“The National Priorities List is a published list of hazardous waste sites in the country that are eligible for extensive, long-term clean-up actions under the Superfund program.”

One of the Superfund sites in the Clinton River watershed is the Ten-Mile Drain.

The Ten-Mile Drain Site is located near the intersection of Bon Brae Street and Harper Avenue in St. Clair Shores, Macomb County, Michigan. It includes a portion of the Ten Mile drain storm sewer system, which consists of the concrete sewer pipes and soil surrounding the pipes in [a] utility corridor approximately 15 feet underground. The site encompasses a several block area where polychlorinated biphenyls (PCBs) have been documented to be present in significant quantities in the underground utility. The PCBs are migrating into the storm sewer which empties into two canals, known as the Lange and Revere Street canals, connected to Lake St Clair.”

“Following the discovery of PCBs at the site, EPA conducted removal actions to address the contamination that had been identified. EPA dredged the canals and cleaned out the underground storm sewer drain system, but the contamination returned. As a result, in September 2010, EPA's work at the Ten-Mile Drain site shifted from the removal portion of EPA's Superfund program to the remedial portion, which focuses on long-term cleanup projects.”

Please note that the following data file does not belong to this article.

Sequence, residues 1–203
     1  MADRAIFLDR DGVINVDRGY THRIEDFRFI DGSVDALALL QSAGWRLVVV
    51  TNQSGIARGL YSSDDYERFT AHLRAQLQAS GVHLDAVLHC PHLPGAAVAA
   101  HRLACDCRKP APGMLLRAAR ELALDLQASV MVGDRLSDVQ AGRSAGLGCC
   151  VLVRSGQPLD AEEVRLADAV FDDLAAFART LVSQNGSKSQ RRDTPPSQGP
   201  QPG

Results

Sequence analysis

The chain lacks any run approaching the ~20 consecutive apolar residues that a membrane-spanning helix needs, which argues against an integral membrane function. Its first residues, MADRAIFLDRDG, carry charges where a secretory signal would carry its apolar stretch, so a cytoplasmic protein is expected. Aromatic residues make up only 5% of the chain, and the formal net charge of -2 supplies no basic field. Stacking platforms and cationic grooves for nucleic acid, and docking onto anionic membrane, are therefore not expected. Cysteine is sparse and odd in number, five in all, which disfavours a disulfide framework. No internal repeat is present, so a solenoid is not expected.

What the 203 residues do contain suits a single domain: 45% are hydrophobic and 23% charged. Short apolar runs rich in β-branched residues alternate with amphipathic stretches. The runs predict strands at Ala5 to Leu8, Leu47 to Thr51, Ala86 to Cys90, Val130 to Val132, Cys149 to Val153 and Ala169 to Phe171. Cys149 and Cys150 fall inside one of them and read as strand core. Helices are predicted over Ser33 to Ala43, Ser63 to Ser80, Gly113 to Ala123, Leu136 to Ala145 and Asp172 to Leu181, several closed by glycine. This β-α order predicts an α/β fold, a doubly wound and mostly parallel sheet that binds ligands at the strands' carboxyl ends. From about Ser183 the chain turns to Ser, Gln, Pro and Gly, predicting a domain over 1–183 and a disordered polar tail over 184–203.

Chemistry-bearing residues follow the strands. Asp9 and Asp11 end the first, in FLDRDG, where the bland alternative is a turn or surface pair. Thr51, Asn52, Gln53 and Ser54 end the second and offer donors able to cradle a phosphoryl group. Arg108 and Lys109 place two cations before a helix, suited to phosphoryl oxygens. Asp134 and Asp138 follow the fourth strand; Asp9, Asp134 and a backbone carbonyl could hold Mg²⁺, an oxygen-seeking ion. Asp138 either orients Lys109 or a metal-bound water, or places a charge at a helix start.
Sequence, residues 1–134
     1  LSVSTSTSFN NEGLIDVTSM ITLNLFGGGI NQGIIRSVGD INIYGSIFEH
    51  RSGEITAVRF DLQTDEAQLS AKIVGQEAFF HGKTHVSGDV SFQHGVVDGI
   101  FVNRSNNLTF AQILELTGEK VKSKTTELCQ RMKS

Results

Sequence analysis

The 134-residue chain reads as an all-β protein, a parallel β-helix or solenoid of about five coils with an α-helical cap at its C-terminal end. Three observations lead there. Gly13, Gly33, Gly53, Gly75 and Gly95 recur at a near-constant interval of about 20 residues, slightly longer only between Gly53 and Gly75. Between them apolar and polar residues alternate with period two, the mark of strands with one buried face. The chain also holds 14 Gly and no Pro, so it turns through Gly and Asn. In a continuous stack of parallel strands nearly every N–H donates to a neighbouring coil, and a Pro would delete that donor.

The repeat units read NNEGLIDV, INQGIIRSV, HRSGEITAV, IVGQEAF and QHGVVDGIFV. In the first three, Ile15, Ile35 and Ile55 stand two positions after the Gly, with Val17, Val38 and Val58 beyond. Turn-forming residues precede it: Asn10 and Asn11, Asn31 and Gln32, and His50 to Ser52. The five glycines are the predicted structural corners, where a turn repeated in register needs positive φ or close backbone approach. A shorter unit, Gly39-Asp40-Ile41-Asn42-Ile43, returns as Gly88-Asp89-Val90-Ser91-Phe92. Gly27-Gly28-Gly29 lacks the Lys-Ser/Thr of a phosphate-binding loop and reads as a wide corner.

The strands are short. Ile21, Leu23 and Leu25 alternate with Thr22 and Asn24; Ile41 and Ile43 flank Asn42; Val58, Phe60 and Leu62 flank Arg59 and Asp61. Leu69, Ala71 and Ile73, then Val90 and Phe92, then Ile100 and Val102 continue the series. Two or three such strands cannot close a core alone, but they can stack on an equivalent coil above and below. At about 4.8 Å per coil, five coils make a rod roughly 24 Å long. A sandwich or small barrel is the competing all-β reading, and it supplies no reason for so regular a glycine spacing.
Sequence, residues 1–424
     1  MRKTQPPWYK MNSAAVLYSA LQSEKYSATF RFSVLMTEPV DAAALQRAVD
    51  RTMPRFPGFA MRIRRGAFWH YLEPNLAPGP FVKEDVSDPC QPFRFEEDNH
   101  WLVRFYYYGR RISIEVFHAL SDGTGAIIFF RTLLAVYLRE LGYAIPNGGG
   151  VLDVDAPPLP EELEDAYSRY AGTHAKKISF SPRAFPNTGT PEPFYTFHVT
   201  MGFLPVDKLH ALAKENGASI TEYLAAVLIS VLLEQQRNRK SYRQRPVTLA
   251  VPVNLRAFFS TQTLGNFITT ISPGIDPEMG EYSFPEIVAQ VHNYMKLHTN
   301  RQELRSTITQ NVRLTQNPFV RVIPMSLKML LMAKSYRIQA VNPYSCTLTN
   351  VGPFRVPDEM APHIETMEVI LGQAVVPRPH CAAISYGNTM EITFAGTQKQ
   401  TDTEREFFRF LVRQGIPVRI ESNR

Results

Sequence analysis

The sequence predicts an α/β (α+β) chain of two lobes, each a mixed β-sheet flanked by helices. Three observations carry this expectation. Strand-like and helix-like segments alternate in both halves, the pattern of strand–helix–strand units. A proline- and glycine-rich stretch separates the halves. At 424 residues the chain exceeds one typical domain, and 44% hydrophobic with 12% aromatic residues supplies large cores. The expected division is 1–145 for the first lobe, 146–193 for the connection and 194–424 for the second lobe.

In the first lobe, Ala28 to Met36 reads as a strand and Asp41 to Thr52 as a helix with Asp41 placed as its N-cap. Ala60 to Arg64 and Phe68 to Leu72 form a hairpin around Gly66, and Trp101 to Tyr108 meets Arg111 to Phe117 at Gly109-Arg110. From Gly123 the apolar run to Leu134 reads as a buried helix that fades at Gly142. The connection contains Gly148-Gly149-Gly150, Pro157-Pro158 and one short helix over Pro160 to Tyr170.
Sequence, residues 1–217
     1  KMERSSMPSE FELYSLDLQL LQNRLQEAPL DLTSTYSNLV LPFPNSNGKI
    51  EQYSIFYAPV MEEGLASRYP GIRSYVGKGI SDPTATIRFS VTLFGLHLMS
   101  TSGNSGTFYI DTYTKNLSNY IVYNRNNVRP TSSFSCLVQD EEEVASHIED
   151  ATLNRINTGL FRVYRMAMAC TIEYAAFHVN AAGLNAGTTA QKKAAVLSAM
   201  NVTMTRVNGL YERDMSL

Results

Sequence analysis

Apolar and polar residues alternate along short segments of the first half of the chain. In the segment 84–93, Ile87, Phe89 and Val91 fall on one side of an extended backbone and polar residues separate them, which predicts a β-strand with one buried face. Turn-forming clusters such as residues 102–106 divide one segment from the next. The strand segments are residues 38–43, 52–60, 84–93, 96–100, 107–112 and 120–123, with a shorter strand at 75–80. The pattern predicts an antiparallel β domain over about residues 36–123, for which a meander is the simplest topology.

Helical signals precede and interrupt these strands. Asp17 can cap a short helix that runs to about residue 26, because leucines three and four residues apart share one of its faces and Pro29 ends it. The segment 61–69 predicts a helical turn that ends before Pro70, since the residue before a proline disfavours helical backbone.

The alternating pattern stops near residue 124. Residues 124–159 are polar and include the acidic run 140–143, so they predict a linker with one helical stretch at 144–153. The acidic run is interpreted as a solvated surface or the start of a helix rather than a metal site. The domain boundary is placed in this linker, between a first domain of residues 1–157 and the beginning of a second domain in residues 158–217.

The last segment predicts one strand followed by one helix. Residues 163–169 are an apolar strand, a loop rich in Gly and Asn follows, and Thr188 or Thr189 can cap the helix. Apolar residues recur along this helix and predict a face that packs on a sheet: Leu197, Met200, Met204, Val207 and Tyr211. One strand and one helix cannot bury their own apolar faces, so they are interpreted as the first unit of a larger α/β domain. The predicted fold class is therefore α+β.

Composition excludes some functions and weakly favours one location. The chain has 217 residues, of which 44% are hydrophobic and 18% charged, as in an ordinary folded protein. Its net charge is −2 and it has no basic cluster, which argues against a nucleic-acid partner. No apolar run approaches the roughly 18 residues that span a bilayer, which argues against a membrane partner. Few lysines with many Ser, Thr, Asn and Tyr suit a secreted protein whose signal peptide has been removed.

The work is ongoing.

Friday, October 10, 2014

Toxic Urban Gardens, Bioremediation & Clean Water

Urban stormwater runoff is a significant source of contamination in lakes and streams, not only from hard surfaces like streets, parking lots and roofs, but also after percolating through the contaminated soil of former industrial sites and abandoned homes.

Bioremediation... involves the use of organisms to eliminate [or] neutralise (sic) pollutants from a contaminated site. Traditionally, naturally-occurring organisms have been used to achieve this end. One such example is the use of fungi in mycoremediation, which utilises (sic) the fungal mycelia and capitalises (sic) on its decompositional properties.”

Before planting an urban garden, the soil should be tested.  Andrew Bernier reported on Phoenix Radio KJZZ, October 2, 2014:

We sift out rocks to prep the soil for chemical testing, which is then mixed with reagents, or substances that start a chemical reaction. Those reactions reveal the amount of nutrients in the soil and detect for contaminants, like heavy metals lead and arsenic, or possible solvents and oils...